Archive for the 'Halloween History' Category

Shocks for Halloween

March 4th, 2010 by John Wolfe

After using cornstalks in my haunt during 2007 and 2008, I decided not to include them last year. While I liked the haunt a little better without the massive wall of corn behind my graveyard’s overseer, it was a little strange not having the stalks as part of the display. So, for Halloween 2010, I’ve decided to compromise — no wall of corn, however, I am going to bring the stalks back to the haunt. But this time, I’m going to place them in those lean-to bundles around the edges and back of the graveyard. And, in the vein of Tuesday’s post about Witches and Broomsticks, I decided to do a little digging on the history of those lean-to cornstalk structures, called “shocks.”

I learned that over a century ago (prior to major technological advances in farming), after stalks were cut down, farmers made shocks in the field so the cornstalks could dry out. After drying in shocks, the stalks were either loaded on wagons and hauled to another location for shucking, or they were shucked right in the field.

Today, this same practice is continued by the Amish, as is evident by the great footage of shocks in this vid:

Source: YT user, knoeful

There’s certain imagery that immediately captures the feeling of fall; seeing shocks is one of those for me. While I’ve never lived near an Amish community and machinery has removed the need for shocks among farms that embrace technology, associating those lean-to structures with Halloween and fall must go back to my youth. I used to consume a steady diet of Halloween books that included old artwork. A lot of that artwork featured creepy fields full of shocks, guarded by a lone scarecrow — all illuminated by a full moon.

“Shocks” image source: Wikipedia

A great resource for learning about the use of shocks and other aspects of pioneer farming is: Camp Silos.

Witches and Broomsticks

March 2nd, 2010 by John Wolfe

A part of my love affair with Halloween involves going below the surface to find a greater historical understanding of my favorite time of year, not only in the origins of the holiday itself, but also with the components that make up its decor.

One such decoration is the ever so common portrayal of a witch riding her broomstick. Whether it’s in the form of a cutesy cartoon, a decrepit looking old crone, or a sultry, scantily clad, black magic woman, witches are rarely depicted without their accessory for flight.

In the following video, YT user, esotericonlineradio discusses this very subject:

If we look elsewhere online, similar explanations, reflecting the video’s commentary are shared. All point to this “flying ointment” as being a real concoction, primarily composed of herbs, and/or molds, aka hallucinogens. Not all agree on the manner in which this ointment was applied, but they do agree it was not ingested due to either toxicity or because digestion was a poor means for delivery.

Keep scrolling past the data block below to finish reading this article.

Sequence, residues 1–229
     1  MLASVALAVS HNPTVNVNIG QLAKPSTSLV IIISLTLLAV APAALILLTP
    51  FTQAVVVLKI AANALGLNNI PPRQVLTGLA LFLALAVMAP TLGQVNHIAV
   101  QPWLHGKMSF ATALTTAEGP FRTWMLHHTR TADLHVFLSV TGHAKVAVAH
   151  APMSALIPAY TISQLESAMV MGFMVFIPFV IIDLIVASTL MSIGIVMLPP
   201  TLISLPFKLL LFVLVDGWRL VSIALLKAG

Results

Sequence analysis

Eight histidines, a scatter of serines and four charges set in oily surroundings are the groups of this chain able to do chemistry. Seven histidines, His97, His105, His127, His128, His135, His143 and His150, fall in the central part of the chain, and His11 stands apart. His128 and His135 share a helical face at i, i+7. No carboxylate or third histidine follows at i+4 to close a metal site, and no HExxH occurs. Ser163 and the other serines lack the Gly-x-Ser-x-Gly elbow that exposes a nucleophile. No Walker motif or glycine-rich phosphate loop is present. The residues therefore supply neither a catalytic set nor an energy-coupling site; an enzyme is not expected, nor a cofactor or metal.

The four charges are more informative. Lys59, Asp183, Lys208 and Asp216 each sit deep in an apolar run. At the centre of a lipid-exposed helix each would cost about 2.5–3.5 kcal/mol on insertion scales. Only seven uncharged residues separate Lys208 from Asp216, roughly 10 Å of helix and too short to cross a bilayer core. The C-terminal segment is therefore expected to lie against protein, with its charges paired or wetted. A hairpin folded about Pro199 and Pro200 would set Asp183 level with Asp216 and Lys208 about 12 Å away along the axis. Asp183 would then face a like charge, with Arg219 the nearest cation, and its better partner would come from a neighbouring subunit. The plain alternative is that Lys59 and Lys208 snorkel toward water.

If someone was looking for the fastest means available (topically) to shuttle the flying ointment into the bloodstream, then it may not be too far-fetched to envision what esotericonlineradio alluded to in the last 30 seconds of the video. Now, whether or not the broom was employed as a method of aiding in that quick delivery of ointment can’t be proven beyond a shadow of a doubt, but it does provide a strong clue about our modern day portrayal of witches and their brooms.

As the ointment took effect, the individual would experience amazing forms of hallucinations, trips, and flights; hence the idea of witches soaring through moonlit skies. Many of these experiences probably took place at night, in isolation, because of harsh judgments. This, no doubt, also led to the modern portrayal of “evil” witches doing so-called ungodly deeds during their nightly gatherings. That’s not to say the people involved in these experiences were even witches; most probably weren’t, but they quickly received the label of witch when their behaviors happened to be witnessed by neighbors, town folks, etc.

Overall, the connection between Halloween witches and their broomsticks probably stems from a variety of old references and practices, but the broom’s use in conjunction with flying ointment seems to be the most commonly discussed.

For more information on why we portray Halloween witches riding on broomsticks, I highly recommend the following articles. A few contain descriptions and very old artwork that some may find explicit, but all are presented in a very respectable manner:

What Really Happened: How Did Witches Come to Ride Brooms? (Contains an interesting collection of witchy artwork and its evolution over the last several hundred years.)

Science Blogs: On the Origin of Witches and Broomsticks

Straight Dope: What’s the Deal With Witches and Broomsticks?

Angelfire — Girls’ Paradise: Do Witches Ride Broomsticks? (This site creates a pop-up, but it should be harmless; just make sure your pop-up blocker is turned on.)